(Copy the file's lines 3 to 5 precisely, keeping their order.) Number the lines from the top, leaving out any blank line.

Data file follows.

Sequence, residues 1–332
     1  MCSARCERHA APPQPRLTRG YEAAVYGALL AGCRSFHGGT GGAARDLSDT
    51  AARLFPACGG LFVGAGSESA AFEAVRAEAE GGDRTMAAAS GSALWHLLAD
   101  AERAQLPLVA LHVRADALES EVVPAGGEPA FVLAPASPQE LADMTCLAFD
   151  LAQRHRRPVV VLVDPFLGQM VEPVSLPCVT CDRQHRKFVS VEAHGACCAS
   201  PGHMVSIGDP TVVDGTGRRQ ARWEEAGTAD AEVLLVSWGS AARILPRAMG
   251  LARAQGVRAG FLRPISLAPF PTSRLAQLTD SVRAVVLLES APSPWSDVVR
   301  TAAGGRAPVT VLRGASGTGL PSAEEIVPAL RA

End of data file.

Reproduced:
    51  AARLFPACGG LFVGAGSESA AFEAVRAEAE GGDRTMAAAS GSALWHLLAD
   101  AERAQLPLVA LHVRADALES EVVPAGGEPA FVLAPASPQE LADMTCLAFD
   151  LAQRHRRPVV VLVDPFLGQM VEPVSLPCVT CDRQHRKFVS VEAHGACCAS